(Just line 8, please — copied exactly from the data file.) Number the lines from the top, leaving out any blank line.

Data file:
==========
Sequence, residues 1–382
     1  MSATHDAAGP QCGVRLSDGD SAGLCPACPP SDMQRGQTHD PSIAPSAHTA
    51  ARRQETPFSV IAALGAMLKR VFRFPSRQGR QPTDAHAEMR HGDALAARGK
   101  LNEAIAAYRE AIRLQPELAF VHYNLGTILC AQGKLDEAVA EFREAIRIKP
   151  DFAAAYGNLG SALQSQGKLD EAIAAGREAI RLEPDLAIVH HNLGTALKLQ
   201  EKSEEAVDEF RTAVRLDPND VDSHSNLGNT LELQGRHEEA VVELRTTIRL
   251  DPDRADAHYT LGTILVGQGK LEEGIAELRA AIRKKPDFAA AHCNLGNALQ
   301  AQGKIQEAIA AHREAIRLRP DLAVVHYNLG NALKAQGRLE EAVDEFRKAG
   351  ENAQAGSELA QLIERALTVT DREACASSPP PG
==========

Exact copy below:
   301  AQGKIQEAIA AHREAIRLRP DLAVVHYNLG NALKAQGRLE EAVDEFRKAG